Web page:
CCJ is the court of choice for CARICOM

This was disclosed by Barbados Prime Minister Freundel Stuart, as he gave a rundown of some of the issues discussed in caucus before the close of the 33rd regular meeting of the Conference of Heads of Government of CARICOM. The annual summit came to a close on Friday in Castries, St Lucia.

Stuart pointed out that the Caribbean had a long track record of producing jurists of the highest international calibre and standing, and it would, therefore, be counterproductive at this stage of the region’s development to be timid about submitting to the court’s jurisdiction.

“Now, you know that once the treaty establishing the Caribbean Court of Justice was signed, Barbados and Guyana moved swiftly to submit to the jurisdiction of the court; not only the original jurisdiction which has to do with the interpretation of the CARICOM Treaty, but also the appellate jurisdiction which relates to civil and criminal matters.

“I made the point that there was no basis on which Barbados could experience any doubt about the Court, having regard to the fact that a former Chief Justice of Barbados, in the person of Sir William Douglas, had sat on the judicial committee of the Privy Council. [And] that the outgoing, or the immediate past president of the Caribbean Court of Justice, Mr Michael de la Bastide, had also sat on the judicial committee of the Privy Council; and that a judge from here in St Lucia …had also sat on the judicial committee of the Privy Council; and that out of Guyana, Dr Mohammed Shahabuddeen had sat as a judge at the International Court of Justice,” he noted.

Concerning the issue of the partial accession of Trinidad and Tobago to the CCJ, Stuart said the leaders also gave this matter a lot of thought, and that country would have to reconsider its position.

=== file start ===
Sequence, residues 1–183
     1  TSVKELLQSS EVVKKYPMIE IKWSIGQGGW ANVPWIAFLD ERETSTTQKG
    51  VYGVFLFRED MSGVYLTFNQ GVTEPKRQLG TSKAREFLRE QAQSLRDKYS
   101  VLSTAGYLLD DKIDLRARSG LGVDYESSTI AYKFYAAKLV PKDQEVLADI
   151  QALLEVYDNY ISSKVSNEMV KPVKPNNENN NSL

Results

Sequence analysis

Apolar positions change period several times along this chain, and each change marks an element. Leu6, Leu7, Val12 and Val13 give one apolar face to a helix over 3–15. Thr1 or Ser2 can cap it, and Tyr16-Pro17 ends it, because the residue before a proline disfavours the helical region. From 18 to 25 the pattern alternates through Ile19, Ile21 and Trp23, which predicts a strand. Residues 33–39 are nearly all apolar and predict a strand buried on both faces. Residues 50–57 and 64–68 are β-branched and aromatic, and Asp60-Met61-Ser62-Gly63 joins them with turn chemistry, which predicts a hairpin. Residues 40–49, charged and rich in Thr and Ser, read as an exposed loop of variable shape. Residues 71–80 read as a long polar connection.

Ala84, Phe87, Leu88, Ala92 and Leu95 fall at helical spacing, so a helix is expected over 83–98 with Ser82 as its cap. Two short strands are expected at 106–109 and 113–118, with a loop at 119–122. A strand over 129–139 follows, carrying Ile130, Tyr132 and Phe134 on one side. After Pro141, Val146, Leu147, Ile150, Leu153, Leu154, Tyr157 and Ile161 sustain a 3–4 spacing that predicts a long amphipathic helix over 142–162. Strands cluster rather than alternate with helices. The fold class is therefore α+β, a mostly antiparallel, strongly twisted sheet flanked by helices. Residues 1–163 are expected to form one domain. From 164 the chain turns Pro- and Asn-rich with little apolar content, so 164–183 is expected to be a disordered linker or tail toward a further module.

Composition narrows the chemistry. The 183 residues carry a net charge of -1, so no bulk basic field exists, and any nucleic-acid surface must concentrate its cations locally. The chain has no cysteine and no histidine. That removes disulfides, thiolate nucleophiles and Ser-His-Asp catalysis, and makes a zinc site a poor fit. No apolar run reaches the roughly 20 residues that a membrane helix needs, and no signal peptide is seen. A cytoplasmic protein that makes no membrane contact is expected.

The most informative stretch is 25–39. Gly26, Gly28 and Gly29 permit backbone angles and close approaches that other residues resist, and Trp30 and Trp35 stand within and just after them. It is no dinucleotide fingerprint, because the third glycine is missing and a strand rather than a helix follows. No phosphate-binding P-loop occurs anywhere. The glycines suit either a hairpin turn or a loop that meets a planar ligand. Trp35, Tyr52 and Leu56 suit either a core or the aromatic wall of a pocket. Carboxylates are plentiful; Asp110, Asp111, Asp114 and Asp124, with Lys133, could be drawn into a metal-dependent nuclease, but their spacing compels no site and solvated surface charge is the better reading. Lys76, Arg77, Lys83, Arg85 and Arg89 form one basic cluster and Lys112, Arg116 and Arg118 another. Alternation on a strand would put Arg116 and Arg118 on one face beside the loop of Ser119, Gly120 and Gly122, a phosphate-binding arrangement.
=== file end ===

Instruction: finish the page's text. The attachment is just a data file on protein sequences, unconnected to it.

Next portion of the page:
“Trinidad and Tobago had on the table a proposal that would have allowed them, if the heads were so minded, to put one foot in and to keep one foot out — another way of saying that they wanted to accede to the jurisdiction of the court at the criminal level, but to remain outside of the court’s jurisdiction at the civil level.

“The consensus of the heads was that was not practicable at this time [and] would send the wrong signals and, in fact, that there were other policy and legal implications that would have to be examined before there was agreement on that issue. Of course, the Legal Affairs Committee of CARICOM, which is an organ of the CARICOM Community, had looked at the issue and had determined that it was not necessarily the tidiest way of making use of the Caribbean Court of Justice.”

Stuart explained that it was not practical to have the CCJ headquartered in Trinidad and Tobago and that country not submitting to the court in its appellate jurisdiction. He emphasised that the situation had to be corrected and that the government of Trinidad and Tobago would “be back in touch with us in the near future, we hope, with a more coherent and a more determined approach to the Caribbean Court of Justice”.

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